Tuscany village overlooking trees.
France, Spain, America, China, and Italy are the five most popular countries tourists visit, according to the World Population Review. Cindi Lewis, Bryant’s executive director of global education, shares how travelers can grow cultural competence and enrich their experiences while exploring new places.
From tourist to traveler: Use these 5 tips to enrich your vacation abroad
Jun 08, 2023, by Emma Bartlett
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Cindi Lewis, Bryant’s executive director of global education, is the type of traveler who prefers to go off the beaten path. Her trips abroad include visits to one or two tourist attractions, but most of her time is spent roaming lesser-known sites and sipping coffee at local cafes — all while making observations of the new culture she’s immersed in. As someone who’s worked in international education for 22 years, Lewis understands the importance of cultural competence when traveling abroad and educates students on this topic before they embark on international experiences. 

“To me, cultural competence is the ability to shift away from your own culture when you’re in a new one and understand that other people have different ways of doing things,” says Lewis, noting that differences should be honored and respected.

According to the World Population Review, France, Spain, America, China, and Italy are the five most popular countries tourists visit. With summer fast approaching and families booking flights, Lewis shares how people can grow cultural competence and enrich their experiences while exploring new places. 


How do I develop cultural competence? 

According to Lewis, the easiest way to develop cultural competence is to research the dos and don’ts of a country, which gives travelers a better understanding of the culture.  

“But the most helpful thing will be observing the culture when you’re there,” she says.  

Lewis gives the following example: Say you’re at a cafe and you’re annoyed that you haven’t received the check. Instead of sitting there frustrated, watch the people around you and observe what they are doing to get the check. Afterward, consider why the culture does it that way. 


How much of another language should I know? 

“You don’t have to be fluent in any language, but you have to appreciate and respect that other people have different languages,” Lewis says. 

She recommends learning several basic words in the language of the country one is visiting. Her go-to phrases are hello, please, thank you, goodbye, and sorry I don’t speak ‘x.’ Lewis will also Google “top 10 phrases to know in ‘x’ country” and keep a list of those sayings with her. For individuals who find themselves in less touristy areas, Google Translate can be an effective tool to communicate with locals.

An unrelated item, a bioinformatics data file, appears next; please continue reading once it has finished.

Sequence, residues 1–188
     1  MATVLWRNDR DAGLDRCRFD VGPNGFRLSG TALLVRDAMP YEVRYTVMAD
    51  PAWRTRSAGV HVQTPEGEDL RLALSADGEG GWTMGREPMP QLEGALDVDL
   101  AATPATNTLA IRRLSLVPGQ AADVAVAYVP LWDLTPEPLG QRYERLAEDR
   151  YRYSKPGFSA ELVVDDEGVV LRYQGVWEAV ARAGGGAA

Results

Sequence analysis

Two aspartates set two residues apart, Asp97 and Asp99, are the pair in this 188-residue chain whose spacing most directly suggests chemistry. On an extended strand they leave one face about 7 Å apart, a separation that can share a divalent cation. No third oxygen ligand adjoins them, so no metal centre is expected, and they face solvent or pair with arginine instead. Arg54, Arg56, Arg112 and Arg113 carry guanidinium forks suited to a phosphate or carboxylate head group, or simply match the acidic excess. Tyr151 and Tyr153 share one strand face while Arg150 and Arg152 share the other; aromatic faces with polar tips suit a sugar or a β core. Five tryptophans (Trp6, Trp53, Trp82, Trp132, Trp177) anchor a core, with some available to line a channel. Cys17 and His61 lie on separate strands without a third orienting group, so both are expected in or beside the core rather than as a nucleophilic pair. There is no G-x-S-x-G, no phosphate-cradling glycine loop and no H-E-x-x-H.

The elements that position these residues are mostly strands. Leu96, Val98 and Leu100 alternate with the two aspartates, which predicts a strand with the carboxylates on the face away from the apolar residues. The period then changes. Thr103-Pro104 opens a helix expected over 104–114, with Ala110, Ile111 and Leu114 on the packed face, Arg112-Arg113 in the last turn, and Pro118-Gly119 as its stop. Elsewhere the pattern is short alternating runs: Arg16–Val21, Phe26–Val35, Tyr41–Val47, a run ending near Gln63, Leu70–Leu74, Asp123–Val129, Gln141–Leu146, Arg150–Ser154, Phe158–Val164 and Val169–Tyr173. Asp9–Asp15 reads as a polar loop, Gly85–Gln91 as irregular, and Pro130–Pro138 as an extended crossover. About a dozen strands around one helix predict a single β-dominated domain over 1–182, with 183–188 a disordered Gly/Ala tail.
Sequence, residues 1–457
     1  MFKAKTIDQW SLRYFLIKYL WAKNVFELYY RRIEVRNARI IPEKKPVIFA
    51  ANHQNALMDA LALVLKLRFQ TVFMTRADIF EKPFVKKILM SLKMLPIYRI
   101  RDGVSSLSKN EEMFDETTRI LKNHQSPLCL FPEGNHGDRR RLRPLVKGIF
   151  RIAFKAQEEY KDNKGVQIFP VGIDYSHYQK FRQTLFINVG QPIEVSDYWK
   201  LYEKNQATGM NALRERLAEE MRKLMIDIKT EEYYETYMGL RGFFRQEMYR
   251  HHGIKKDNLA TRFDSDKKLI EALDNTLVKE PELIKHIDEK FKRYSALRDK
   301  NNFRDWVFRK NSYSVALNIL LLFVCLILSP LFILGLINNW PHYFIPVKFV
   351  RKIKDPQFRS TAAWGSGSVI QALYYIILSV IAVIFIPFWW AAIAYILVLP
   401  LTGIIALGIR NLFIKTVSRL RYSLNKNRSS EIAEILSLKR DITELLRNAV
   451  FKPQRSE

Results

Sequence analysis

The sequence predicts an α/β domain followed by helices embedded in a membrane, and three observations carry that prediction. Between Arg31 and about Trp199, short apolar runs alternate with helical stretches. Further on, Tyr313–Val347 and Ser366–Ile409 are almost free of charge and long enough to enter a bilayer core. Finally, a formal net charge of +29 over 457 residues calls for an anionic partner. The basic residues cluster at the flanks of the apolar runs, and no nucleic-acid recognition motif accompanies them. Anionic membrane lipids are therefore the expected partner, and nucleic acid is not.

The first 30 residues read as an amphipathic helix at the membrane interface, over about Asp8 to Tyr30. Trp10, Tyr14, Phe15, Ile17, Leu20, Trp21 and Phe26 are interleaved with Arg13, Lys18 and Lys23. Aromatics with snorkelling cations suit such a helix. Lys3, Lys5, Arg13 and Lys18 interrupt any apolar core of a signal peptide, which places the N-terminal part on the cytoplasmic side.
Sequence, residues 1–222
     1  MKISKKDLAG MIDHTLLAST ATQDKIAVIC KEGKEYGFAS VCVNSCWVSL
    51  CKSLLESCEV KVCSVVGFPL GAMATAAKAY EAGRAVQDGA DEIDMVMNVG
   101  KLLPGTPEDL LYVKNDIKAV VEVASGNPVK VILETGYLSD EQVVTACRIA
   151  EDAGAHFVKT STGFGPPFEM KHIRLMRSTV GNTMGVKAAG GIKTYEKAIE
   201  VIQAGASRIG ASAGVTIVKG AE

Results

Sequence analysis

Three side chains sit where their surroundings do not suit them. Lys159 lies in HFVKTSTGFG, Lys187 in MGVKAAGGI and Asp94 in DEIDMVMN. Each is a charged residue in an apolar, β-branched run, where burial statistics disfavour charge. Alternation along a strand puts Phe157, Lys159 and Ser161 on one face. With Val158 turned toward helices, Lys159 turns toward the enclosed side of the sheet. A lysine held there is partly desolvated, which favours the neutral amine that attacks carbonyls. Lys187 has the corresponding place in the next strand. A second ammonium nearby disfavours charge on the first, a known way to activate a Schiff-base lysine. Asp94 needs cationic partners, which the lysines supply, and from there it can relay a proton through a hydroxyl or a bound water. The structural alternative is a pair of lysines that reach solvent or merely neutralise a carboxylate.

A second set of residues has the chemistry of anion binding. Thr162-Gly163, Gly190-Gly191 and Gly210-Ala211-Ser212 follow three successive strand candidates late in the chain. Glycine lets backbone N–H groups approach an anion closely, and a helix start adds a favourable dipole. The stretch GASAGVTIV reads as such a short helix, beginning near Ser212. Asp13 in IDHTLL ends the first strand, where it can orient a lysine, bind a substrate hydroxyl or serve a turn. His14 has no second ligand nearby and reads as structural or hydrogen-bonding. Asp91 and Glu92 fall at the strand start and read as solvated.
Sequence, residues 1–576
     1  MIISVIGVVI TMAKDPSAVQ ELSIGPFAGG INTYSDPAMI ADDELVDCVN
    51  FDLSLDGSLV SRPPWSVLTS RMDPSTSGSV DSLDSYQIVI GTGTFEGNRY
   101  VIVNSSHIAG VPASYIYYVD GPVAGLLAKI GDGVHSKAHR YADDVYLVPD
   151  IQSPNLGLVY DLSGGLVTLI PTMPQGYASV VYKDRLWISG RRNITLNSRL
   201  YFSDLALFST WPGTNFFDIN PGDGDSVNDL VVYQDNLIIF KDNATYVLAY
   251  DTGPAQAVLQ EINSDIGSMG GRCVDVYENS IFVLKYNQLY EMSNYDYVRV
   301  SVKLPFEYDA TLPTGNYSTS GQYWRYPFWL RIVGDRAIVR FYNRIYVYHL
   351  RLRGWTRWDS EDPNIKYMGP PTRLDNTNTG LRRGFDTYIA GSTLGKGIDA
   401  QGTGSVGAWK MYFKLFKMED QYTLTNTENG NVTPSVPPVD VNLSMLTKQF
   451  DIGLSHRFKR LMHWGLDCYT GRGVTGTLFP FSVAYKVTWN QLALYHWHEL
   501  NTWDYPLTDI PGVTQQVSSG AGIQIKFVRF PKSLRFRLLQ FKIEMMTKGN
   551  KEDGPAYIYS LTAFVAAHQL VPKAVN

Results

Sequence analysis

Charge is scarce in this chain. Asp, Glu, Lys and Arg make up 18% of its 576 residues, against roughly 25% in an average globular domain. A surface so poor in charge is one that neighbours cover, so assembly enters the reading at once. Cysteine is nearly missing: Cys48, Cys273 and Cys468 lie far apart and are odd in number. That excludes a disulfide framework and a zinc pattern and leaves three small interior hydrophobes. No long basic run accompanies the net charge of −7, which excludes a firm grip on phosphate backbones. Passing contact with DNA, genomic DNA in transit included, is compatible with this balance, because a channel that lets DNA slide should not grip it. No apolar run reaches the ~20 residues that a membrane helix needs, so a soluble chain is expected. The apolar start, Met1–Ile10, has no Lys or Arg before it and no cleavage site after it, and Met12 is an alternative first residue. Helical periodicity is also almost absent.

“Say what you want into Google Translate, and it will translate into whatever language. It’s close enough, so the average native speaker will understand what you're asking for,” Lewis says, adding that those who want more practice with a language should check out Mango or Duolingo.  


What customs or etiquette might I not be aware of? 

There is no “one size fits all” custom or form of etiquette for individuals to adhere to when touring another country, according to Lewis; although she notes that one general European custom that is different from America is customer service.  

“The idea that someone coming to your table multiple times to check on you doesn’t happen,” Lewis says. “If something is wrong or you want something else, then it’s up to you to get the employee’s attention, which can be a slight little head nod or hand gesture.” 

Lewis adds that Americans can be very loud; therefore, people should gauge the volume of a restaurant or store and keep the conversation at an acceptable level. Overall, it is up to the traveler to research customs and etiquette for specific places before heading on a trip.  


How do I immerse myself in a new culture? 
“If you really want to immerse yourself in a cultural experience, you’ve got to get away from the tourist hotspots,” Lewis says.  

While the Colosseum and the Great Wall of China should still be priorities when visiting Italy and China, there is also a lot of value in going to a local restaurant or cafe. Lewis suggests finding smaller museums, lesser-known sites, and playing into your own interests.  

“If you like jazz music, find those bars with live jazz in the basement at night that aren't really advertising. If you like coffee, look at what the top 10 recommended local coffee houses are,” Lewis says, adding how avid movie goers and bookworms may choose to visit places mentioned in creative works. 


How can learning about other cultures impact my life? 

Through travel, people will witness different styles of life, which Lewis hopes will cause individuals to reflect and see what they might adapt to their lives. She explains that travel helps individuals lead a richer life, keep an open mind, and push people out of their comfort zone to try new things.  

“Experiences stay with you and prompt you to do a little bit more next time — maybe that’s going to another part of the world that you never thought you’d go to or engaging in local cuisine,” Lewis says. “Be in the moment and embrace it. If you are open to letting travel transform your life, then it’s something you can't get enough of.” 


Basic words and phrases to know when visiting France, Spain, China, and Italy: 

Bonjour / Hello 
Au revoir / Bye 
Merci / Thank you 
Très bien / Very good 
Je m’appelle / My name is 
Hola / Hello 
Adiós / Bye 
Gracias / Thank you 
Muy bueno(a) / Very good 
Mi nombre es / My name is 
你好 Nihao / Hello 
再见 Zai jian / Bye 
谢谢 Xiexie / Thank you 
很好 Henhao / Very good 
我叫 Wo jiao / My name is 
Ciao / Hello 
Arrivederci / Bye 
Grazie / Thank you
Molto bene / Very good 
Mi chiamo / My name is

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